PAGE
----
THE EXTANT tragedies of Sophocles, like those of Aeschylus, are seven in number. It is generally agreed that Ajax and Antigone were produced before he was fifty-five years old, that Oedipus Tyrannus and Trachiniae followed before he was seventy, and that the last three plays appeared in the ten years before he died at ninety in 406 B.C. Shakespeare and Menander died at fifty-two. We may be grateful that the Greek tragedians lived much longer to complete the great works that are extant. Sophocles won his first victory at the age of twenty-seven, and we can only guess what kind of work he produced in the next twenty years. The earliest extant dramas, the Ajax and the Antigone, are tragedies of personal devotion to an ideal, set in a frame of political morality. This is essentially an Aeschylean tactic, though Sophocles' technique is necessarily modified to accord with his practice of writing, no longer trilogies such as Aeschylus wrote, but dramas complete in themselves. In these two plays he introduces seers and oracles and explains disaster by the anger of the gods. He never uses curses as a motivation, as Aeschylus did, and employs the dream only when in the Electra he is adapting the Choephoroe of Aeschylus.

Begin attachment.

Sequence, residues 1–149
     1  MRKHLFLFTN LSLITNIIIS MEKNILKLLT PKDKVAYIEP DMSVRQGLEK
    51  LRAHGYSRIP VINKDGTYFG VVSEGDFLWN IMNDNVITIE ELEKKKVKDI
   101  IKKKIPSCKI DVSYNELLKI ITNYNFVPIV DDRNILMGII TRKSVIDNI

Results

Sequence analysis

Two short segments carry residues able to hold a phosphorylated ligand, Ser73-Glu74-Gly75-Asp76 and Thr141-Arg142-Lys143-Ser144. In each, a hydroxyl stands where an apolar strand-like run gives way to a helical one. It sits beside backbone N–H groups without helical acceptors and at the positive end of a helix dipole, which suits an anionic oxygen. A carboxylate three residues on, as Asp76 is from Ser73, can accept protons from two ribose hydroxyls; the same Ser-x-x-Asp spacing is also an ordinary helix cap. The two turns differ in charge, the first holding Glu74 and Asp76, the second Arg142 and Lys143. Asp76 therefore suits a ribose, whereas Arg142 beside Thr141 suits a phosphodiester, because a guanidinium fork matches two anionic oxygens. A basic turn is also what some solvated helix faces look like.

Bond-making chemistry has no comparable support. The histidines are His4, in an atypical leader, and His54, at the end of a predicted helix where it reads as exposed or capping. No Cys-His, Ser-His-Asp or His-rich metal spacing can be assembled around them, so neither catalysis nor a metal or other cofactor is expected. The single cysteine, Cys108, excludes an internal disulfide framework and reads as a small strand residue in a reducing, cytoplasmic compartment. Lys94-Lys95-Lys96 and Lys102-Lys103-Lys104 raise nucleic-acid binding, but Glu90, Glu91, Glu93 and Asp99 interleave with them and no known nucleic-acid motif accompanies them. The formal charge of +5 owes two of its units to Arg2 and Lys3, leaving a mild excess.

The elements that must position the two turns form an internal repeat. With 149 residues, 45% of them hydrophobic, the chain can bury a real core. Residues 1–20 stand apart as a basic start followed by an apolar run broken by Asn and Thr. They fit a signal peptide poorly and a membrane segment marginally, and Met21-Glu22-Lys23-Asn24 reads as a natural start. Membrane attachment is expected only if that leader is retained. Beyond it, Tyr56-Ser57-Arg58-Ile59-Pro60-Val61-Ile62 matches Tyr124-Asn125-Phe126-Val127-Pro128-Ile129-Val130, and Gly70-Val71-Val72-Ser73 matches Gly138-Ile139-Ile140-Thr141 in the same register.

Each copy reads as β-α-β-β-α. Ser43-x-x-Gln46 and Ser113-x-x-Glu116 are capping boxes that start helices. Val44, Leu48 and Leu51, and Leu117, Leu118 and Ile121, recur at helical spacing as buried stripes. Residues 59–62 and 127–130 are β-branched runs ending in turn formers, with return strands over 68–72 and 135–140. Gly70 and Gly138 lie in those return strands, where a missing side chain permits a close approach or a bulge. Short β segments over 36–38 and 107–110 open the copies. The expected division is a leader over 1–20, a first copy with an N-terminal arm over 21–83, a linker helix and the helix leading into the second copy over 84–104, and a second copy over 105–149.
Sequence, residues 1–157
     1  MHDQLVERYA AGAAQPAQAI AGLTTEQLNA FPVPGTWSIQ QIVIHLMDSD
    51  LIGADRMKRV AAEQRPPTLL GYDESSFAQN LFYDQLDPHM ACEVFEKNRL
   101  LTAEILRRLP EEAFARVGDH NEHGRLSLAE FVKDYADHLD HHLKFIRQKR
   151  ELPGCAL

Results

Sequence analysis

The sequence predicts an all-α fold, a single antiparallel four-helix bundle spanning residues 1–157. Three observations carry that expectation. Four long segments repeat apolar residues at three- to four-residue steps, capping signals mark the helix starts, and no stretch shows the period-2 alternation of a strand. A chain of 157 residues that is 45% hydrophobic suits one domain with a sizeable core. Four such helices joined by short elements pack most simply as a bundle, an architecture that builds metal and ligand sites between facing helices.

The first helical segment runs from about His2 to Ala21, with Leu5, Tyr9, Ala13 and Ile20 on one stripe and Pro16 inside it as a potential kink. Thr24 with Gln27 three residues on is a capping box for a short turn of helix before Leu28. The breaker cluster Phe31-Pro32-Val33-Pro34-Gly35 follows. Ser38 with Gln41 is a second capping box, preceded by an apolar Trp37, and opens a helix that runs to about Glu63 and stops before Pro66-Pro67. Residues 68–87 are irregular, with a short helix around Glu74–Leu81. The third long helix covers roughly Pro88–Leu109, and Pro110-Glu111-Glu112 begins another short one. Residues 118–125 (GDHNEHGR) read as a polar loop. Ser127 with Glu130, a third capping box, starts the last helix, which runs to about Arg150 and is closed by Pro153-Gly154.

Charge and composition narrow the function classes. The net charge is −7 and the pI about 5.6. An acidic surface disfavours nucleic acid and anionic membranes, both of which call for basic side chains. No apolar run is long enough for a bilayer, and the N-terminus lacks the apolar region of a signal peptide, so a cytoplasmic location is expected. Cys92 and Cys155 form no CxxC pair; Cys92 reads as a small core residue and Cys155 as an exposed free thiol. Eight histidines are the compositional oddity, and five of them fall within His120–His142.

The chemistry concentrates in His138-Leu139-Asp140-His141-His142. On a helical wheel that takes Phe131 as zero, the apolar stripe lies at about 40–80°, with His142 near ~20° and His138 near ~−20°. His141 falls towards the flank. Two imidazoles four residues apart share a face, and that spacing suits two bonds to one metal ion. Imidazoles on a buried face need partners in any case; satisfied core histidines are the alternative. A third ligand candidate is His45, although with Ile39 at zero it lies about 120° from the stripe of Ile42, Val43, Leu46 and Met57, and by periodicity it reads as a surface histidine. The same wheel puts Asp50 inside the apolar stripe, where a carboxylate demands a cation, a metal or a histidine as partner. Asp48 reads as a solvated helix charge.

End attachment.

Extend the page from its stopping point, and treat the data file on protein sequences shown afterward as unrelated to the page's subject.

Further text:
In the Trachiniae and Oedipus Tyrannus he disregards any moral except the moral that human life is uncertain. The gods are not brought in, and character and psychology are made to explain the action. In both plays a skillfully arranged disaster is produced by individual actions directed to quite other ends. There is thus a plot in the play that is not the plot of any one character, but the plot of the author against his characters. The tragedy is one of frustration by circumstance, and no other effect is allowed to inter-